The civil-rights movement is starting to take hold; the ad agency is still struggling to find business; Joan, desperate to get back to work, has had the baby and feels her life is happening somewhere else, and newly-wed Don has become a poster boy for happy families. As Peggy, the character who knows him best, observes: “I don’t know that man. He’s kind and patient.”

The first episode revolved around Megan, Don’s former secretary and now sexy new wife and cub copywriter.

There’s a generation shift afoot, with Peggy, Pete and Megan coming into their own just as Don is getting old – his 40th-birthday party is the key scene – and sleezy Roger is becoming as superfluous to the business as old man Bertram Cooper.

There is plenty to keep hard-core fans nodding knowingly, with Pete and Peggy being left with Joan’s baby – a reference to their shared history – and Roger walking down the hall saying, “There’s my baby,” to an alarmed Joan: we know it could be his. As usual, everyone wants something someone else has. “The only thing worse than not getting what you want is someone else getting it,” says yesterday’s man Roger at Don’s party – the set-up line for the new series that’s as good looking and smart as ever.

THE FIRST SHOW in The Voice UK (Saturday, BBC1) had some knockout talent and an A-list judging panel of Jessie J, Danny O’Donoghue, will.i.amand Tom Jones, and it does it all in an hour and 20 minutes. Our version is The Voice – deadly boring anyway, but now by comparison looking even more like a talent show in the village hall, and it goes on for two hours. You could go away, have your dinner and watch another talent show, say Feis and Blood (TG4, Sunday), and still catch the end credits for The Voice and not really miss anything. Feis and Blood, back for a new series, is admirable in that it is without pretension. It’s a purely amateur talent competition for families that doesn’t pretend that any of the contestants are going to make the big time or are even particularly good. Refreshingly honest, when you think about it. There doesn’t even seem to be a prize, though maybe it was lost in translation. It could have been made any time in the past 50 years, and no one will be dancing around in their pants – the backing dancers in The Voice have taken to doing toe-curlingly awful raunchy numbers.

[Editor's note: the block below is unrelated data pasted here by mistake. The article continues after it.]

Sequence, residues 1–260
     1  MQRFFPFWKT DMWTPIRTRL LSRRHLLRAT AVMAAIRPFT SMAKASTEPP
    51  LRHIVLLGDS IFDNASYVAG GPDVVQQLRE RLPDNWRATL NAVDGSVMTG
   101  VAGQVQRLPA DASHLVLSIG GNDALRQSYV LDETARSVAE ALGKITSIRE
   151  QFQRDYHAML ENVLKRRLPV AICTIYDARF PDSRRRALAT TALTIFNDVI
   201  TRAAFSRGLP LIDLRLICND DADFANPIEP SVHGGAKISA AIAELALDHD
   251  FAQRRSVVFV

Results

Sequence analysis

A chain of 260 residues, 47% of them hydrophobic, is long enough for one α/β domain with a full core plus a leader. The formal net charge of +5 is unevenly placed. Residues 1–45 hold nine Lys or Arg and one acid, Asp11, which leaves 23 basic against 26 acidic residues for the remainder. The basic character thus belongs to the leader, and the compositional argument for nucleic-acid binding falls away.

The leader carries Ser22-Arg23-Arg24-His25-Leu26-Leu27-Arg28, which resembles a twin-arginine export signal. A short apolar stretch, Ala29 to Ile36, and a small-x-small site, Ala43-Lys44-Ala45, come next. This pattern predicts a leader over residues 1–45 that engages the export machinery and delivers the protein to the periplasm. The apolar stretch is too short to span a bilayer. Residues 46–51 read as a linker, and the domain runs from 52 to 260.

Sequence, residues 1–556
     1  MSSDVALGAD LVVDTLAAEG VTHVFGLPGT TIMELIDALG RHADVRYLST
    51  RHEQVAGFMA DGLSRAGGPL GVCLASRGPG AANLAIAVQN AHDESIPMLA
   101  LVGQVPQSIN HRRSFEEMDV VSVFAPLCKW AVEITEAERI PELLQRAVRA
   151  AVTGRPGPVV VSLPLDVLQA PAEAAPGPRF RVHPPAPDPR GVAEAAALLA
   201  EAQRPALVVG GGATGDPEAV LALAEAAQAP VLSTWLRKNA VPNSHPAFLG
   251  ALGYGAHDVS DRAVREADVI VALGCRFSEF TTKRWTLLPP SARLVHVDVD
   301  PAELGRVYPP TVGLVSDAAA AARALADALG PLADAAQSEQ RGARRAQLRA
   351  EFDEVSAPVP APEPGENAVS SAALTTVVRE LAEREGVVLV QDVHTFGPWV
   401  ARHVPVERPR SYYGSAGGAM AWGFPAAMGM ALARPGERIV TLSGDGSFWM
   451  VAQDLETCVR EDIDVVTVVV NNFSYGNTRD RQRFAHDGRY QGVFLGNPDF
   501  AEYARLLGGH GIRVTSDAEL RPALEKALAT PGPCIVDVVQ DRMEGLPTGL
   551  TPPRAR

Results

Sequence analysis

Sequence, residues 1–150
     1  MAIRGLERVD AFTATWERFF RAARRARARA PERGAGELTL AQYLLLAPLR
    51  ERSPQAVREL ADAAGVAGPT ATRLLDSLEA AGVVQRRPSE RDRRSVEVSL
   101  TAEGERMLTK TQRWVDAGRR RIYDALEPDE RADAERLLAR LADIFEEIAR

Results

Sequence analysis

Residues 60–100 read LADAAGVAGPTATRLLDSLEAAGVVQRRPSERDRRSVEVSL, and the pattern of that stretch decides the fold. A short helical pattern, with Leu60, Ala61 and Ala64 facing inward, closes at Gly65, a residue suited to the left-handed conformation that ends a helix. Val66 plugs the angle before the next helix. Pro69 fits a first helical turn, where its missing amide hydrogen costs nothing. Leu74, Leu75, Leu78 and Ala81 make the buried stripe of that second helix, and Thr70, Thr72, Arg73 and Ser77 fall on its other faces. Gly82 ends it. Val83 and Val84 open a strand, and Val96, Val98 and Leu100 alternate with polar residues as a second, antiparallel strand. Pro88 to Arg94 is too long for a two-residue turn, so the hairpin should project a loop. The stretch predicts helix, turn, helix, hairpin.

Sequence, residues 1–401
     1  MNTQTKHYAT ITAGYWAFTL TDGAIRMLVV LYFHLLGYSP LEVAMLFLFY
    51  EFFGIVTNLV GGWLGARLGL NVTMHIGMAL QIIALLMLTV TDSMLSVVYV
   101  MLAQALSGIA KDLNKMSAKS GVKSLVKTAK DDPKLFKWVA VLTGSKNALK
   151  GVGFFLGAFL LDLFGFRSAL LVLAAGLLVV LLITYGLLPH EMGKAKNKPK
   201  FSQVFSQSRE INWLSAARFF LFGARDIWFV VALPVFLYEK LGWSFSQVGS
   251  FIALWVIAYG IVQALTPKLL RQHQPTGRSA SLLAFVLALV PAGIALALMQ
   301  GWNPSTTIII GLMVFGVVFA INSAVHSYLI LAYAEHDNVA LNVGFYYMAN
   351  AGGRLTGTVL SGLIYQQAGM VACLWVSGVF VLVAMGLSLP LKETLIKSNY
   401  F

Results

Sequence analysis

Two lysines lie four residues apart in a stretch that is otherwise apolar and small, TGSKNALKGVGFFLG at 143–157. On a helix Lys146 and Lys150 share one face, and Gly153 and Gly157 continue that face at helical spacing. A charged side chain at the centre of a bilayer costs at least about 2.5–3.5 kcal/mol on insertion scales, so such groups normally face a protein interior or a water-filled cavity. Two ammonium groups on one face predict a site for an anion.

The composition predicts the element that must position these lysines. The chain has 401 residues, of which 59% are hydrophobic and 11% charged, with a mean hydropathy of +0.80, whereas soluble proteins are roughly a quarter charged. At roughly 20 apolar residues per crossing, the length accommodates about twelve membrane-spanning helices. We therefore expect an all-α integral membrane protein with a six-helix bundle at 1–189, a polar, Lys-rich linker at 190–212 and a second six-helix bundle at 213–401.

The families on Feis and Blood inevitably include many small children with wide eyes and hopeful faces (playing flutes or dancing jigs), and when the supernice judges have to eliminate them at the end it’s a bit like watching a seal cull.

SETTING UP THE theme of The Frontline (RTÉ1, Monday), Pat Kenny posed a question: “Bertie’s rise and fall, what does it say about ourselves?” It wasn’t addressed by the panel that talked about Bertie (his friend Des Peelo was once again the lone voice out to bat for his pal) and the findings of the Mahon tribunal, so with luck it won’t arise again. Otherwise it’s a short step to becoming like that “we all went mad in the boom” cliched, insulting, self-flagellating way of thinking.

Bertie made Bertie a liar. We didn’t.

Get stuck into . . .

Men of Arlington is a superb documentary in which three former residents of a London hostel, Arlington House, home to thousands of migrant Irish labourers in the 1950s and 1960s, tell their remarkable stories. Shown on BBC last year, it’s worth another look (RTÉ1, Thursday).